Please feel free to comment at the end of this blog about events this year in the broadband industry for which you are thankful.
ARPA Grants Provide Local Solutions. The ARPA grants given directly to local governments are a breath of fresh air in an industry where only carriers have been able to get government funding for broadband projects. Towns, cities, and counties can use this money to solve the most pressing broadband problems in their community – rural residents with no broadband options, low-income neighborhoods that have been left behind, or retail shopping districts that ISPs have ignored. It’s too bad that it took a pandemic to try the idea of empowering local communities to tackle the problems that are specific to their communities.
Finally, an Emphasis on the Digital Divide. The recently enacted Infrastructure Investment and Jobs Act (IIJA) created two new grant programs to address digital equity and inclusion. Together these provide $2.75 billion in grants to tackle the digital divide. We’ve been talking about the digital divide for at least fifteen years, and this is the first significant effort to try to include everybody in the digital economy. It’s hard to imagine being digitally illiterate in today’s economy since so much of daily life is now online.
Technologies Continue to Improve. As I look around the industry, I can see that every broadband technology is getting better. There are scientists and engineers continuing to improve the performance and speeds of the technology that fuels our broadband. We’re seeing a new generation of fiber PON, better fixed wireless radios, a new generation of DOCSIS, and better cellular technology. These will all fuel better broadband.
Improved Cellular Speeds. This might seem like an odd thing to be thankful for. But much of the country saw big leaps in cellular data speeds in 2021 as the cellular carriers launched the new spectrum bands being labeled as 5G. The immediate impact of the upgrades is a giant leap in bandwidth, which makes life easier for a lot of homes without a landline broadband connection. More importantly, the major cellular carriers are all launching unlimited-usage broadband plans using the new cellular spectrum. The new spectrum will enable functional broadband in rural homes close enough to a cell tower. In cities, the faster cellular offers an affordable broadband alternative to those who can’t afford cable company broadband.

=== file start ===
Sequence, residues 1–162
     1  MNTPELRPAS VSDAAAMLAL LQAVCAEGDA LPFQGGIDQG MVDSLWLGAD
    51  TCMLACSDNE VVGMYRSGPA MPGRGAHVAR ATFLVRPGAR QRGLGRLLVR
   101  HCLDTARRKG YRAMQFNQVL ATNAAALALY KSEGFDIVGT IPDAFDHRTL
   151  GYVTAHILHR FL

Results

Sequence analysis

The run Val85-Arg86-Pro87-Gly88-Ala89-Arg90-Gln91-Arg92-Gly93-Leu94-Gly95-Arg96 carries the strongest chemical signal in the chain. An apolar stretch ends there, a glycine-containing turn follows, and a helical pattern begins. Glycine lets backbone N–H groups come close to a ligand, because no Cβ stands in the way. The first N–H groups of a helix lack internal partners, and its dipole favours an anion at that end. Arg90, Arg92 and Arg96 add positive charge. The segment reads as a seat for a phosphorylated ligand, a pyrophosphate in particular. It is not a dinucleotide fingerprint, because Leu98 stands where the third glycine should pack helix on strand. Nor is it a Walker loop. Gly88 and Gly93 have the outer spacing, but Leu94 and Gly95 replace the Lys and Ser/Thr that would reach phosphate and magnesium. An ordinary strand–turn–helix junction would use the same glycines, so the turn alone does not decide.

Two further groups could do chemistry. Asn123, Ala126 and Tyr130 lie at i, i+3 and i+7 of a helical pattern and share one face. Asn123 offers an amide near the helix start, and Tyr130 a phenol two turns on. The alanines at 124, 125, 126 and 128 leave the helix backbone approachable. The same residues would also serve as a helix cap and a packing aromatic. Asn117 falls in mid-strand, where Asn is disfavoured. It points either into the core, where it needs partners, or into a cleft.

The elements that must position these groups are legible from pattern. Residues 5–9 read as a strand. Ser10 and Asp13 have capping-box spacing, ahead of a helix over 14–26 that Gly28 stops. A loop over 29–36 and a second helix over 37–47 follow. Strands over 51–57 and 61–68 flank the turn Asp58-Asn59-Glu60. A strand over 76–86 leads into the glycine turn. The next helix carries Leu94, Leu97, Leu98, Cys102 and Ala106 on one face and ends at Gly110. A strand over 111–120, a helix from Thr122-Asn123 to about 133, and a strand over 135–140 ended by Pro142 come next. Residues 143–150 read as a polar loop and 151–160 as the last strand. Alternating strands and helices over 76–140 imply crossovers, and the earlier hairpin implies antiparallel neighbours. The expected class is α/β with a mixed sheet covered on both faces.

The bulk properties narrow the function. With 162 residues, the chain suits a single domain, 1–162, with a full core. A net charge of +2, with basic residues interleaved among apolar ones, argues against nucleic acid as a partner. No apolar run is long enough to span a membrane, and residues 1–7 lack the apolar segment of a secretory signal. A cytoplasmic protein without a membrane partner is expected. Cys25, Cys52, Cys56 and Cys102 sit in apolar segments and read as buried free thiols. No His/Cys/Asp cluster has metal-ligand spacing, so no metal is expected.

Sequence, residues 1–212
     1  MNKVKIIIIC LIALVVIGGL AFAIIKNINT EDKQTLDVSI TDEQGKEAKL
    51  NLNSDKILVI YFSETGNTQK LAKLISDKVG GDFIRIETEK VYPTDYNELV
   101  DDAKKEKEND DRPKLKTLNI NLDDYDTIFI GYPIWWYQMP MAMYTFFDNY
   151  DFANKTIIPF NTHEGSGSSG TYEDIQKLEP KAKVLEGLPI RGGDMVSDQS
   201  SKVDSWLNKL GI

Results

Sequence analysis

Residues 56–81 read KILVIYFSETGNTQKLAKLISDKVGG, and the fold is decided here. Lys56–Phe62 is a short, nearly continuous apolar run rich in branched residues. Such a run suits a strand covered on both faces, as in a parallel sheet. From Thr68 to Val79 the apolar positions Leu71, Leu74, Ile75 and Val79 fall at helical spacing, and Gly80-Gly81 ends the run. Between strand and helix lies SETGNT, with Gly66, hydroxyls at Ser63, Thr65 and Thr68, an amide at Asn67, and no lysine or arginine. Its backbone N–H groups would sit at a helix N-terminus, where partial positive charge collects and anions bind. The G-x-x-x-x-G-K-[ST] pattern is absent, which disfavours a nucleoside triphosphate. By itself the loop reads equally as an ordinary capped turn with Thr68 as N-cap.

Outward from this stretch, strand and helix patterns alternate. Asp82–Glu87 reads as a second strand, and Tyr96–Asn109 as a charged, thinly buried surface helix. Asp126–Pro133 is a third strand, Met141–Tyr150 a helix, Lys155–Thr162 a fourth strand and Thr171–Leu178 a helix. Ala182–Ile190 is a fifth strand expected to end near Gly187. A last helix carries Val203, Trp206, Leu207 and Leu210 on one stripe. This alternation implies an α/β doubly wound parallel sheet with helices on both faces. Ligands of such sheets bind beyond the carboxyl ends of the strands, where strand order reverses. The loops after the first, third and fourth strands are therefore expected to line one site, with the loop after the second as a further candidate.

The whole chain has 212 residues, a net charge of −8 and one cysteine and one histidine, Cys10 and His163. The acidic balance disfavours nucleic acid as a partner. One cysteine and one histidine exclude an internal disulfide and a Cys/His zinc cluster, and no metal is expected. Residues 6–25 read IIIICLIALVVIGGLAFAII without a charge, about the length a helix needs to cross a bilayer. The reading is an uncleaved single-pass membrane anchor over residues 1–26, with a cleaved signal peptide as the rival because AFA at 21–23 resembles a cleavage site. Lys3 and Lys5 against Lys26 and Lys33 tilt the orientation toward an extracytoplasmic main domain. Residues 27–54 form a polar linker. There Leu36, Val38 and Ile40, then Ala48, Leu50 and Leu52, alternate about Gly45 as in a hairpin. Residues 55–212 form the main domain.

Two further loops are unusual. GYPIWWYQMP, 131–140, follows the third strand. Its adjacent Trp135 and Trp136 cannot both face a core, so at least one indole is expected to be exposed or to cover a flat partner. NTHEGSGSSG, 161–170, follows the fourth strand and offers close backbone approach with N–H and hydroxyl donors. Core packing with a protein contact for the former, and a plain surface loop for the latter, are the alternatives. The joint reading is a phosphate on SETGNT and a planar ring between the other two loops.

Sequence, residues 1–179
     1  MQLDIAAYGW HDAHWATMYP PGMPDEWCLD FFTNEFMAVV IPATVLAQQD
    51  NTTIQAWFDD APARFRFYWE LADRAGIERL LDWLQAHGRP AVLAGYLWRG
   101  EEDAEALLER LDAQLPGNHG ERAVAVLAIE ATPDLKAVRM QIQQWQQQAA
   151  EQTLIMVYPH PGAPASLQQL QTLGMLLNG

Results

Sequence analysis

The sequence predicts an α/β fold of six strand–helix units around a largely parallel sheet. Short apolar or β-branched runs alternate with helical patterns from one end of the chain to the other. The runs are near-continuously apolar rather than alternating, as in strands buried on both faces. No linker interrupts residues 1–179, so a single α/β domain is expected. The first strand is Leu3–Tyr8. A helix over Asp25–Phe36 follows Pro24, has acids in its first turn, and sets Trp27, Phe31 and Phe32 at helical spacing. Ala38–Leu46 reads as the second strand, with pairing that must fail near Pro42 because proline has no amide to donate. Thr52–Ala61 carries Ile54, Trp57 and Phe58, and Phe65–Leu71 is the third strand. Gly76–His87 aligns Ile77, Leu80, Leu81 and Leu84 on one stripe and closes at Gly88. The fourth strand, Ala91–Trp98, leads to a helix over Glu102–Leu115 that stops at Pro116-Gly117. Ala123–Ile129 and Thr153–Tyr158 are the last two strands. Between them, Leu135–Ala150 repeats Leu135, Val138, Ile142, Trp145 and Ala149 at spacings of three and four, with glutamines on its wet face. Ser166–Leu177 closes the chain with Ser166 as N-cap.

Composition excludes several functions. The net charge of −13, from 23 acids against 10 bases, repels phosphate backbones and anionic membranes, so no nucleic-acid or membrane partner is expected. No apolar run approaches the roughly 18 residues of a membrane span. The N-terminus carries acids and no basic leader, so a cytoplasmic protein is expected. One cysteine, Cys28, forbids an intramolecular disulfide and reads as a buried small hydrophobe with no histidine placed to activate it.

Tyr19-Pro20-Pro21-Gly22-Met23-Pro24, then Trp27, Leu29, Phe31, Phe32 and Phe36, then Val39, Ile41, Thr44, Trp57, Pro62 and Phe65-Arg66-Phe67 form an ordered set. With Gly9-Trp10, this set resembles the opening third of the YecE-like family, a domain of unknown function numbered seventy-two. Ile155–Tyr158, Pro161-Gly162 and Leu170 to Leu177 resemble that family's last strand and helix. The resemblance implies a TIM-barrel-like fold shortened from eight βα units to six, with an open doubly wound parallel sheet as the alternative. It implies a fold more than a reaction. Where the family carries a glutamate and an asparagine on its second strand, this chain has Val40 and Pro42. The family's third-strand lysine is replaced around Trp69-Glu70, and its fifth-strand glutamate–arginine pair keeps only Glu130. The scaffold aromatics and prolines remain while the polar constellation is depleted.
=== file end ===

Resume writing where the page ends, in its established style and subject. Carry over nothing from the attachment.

Infrastructure Funding? I was a little hesitant to put this on the list. I think we’re going to have to wait for a decade to find out if throwing the huge sum of $42.5 billion at rural broadband is really going to work. I have no doubt that this will make broadband better for huge parts of the country. But I also worry that much of the money will go to the projects that fail or to the giant ISPs who will not be the good stewards of the funding in rural areas. I’m also doubtful about the FCC being able to improve the mapping quickly enough so that communities are not left behind by this funding. Since this is once-in-a-generation funding, I’m happy for the millions of folks who will get better broadband but worried about those won’t.
It’s a Good Year to be a Consultant. I’m not going to kid you, it’s a nice year to be a consultant and to be in high demand. But it’s also a frustrating year. I’ve had to say no to many projects where I know I could have provided the solution clients are seeking. There have been recent weeks when a dozen potential projects came to my attention – and it’s frustrating to have to say no.